Jogues was given special permission from Pope Urban VIII to say Mass with his badly mutilated fingers, as the Eucharist could not be touched by any fingers but the thumb and forefinger. He surprised many by expressing a powerful desire to return to New France, knowing full well that he would never see his homeland again. While he was still in Europe awaiting his mission, he wrote a letter to an unknown friend, in which he said the following:
Le cœur me dit que, si j’ai le bien d’être employé en cette mission, ibo et non redibo, mais je serais heureux si Notre Seigneur voulait achever le sacrifice où il l’a commencé, et que ce peu de sang que j’ai répandu en cette terre fût comme les arrhes de celui que je lui donnerais de toutes les veines de mon corps et de mon coeur. Enfin, ce peuple-là sponsus mihi sanguinum est, hunc mihi despondi sanguine meo.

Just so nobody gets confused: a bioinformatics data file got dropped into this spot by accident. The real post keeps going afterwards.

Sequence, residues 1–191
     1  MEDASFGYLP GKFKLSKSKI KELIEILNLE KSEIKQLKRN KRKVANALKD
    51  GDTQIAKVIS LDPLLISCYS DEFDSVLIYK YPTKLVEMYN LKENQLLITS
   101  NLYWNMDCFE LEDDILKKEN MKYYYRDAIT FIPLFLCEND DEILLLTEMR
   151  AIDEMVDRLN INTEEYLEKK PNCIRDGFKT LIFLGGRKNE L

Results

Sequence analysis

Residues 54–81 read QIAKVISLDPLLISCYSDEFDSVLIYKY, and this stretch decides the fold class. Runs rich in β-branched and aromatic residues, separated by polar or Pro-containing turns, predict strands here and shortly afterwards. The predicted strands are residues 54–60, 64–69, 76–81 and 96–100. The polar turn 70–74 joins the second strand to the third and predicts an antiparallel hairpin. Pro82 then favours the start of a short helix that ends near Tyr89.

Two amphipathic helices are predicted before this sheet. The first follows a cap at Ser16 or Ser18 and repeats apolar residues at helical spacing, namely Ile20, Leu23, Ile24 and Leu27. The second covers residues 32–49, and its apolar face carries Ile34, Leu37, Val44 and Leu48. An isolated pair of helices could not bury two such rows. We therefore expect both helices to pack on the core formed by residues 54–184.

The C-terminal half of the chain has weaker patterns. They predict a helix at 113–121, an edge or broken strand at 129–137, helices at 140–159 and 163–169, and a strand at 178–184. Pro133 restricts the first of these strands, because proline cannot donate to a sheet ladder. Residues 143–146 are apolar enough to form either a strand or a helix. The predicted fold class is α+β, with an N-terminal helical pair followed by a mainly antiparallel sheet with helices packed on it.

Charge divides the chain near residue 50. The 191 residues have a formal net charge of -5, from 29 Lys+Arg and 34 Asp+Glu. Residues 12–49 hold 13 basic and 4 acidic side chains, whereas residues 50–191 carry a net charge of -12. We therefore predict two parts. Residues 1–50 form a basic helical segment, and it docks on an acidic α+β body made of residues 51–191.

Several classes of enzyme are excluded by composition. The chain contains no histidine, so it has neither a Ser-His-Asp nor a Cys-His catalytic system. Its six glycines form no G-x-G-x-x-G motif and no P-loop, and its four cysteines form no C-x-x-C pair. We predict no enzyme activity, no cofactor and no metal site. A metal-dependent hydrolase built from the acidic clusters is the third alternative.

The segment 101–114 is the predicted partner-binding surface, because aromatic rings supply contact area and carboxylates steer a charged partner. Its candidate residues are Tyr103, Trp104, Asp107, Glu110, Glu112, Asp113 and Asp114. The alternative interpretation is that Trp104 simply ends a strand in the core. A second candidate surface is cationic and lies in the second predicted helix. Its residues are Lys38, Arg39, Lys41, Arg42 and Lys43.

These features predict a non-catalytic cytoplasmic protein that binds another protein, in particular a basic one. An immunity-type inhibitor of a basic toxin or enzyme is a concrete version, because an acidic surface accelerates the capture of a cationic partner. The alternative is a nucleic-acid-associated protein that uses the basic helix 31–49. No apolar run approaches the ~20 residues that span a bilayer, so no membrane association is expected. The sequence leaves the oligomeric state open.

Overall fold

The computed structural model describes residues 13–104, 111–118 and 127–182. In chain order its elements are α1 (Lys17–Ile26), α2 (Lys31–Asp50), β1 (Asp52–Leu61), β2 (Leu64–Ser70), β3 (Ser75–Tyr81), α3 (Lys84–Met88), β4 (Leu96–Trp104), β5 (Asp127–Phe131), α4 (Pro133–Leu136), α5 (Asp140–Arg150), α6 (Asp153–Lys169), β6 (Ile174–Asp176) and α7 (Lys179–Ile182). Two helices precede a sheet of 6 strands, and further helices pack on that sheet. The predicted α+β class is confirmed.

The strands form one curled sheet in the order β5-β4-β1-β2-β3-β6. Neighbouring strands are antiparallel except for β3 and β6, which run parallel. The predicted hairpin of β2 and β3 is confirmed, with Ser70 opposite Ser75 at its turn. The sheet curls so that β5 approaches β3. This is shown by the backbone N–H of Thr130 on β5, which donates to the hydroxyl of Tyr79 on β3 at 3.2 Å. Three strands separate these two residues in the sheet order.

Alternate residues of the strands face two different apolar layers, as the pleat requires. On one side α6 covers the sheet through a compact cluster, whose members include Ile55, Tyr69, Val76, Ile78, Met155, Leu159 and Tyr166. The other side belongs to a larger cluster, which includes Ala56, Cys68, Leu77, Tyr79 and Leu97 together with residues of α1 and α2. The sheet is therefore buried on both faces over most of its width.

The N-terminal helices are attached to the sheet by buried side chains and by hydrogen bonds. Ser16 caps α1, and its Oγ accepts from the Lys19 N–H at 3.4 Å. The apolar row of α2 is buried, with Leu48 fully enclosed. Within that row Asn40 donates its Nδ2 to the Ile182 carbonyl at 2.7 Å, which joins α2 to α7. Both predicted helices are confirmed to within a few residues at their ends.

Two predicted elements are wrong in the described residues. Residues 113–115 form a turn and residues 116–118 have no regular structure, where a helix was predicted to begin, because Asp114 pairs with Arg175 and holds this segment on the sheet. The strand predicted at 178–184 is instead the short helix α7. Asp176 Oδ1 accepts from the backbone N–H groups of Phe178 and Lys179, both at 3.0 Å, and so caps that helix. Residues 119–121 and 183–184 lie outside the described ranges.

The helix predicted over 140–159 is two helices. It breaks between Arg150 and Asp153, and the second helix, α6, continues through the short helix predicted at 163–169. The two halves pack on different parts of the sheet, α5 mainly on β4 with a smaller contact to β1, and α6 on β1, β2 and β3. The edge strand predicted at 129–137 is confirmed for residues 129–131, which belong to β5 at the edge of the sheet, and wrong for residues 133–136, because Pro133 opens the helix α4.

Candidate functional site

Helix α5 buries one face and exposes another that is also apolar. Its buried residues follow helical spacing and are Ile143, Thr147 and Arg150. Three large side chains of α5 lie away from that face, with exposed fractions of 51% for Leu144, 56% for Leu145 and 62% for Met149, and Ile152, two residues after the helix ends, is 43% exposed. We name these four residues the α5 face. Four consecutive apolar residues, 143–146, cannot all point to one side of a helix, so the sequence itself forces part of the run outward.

My heart tells me that if I have the blessing of being used for this mission, I shall go and I shall not return; but I would be glad if our Lord should fulfil the sacrifice where he began it, and that the small amount of blood I shed in that land should turn out to be an advance payment for that which I would give from all the veins of my body and heart. For over there is a people which is a blood-spouse to me [Exodus 4:25], and I have espoused myself to it with my blood.This moving passage evokes one of the greatest of all mysteries, the Pascal Mystery, in which blood is shed and a life freely given, for the redemption of many. Jogues was following directly in the footsteps of his Master, blazing trails that continue to be trod to this day.
A peace treaty was reached between all nations. Jogues was killed along with St. Jean de LaLande by disaffected Mohawks on October 18, 1646, while travelling as an ambassador to the south shore.
This blog is dedicated to the North American Martyrs, six Jesuits and two of their lay companions, who along with Saint Kateri Tekakwitha are its inspiration and co-patrons.
They were they first Jesuits to bring the Gospel to the new world. We hope to continue to good work they begun, for the benefit of souls and the greater glory of God.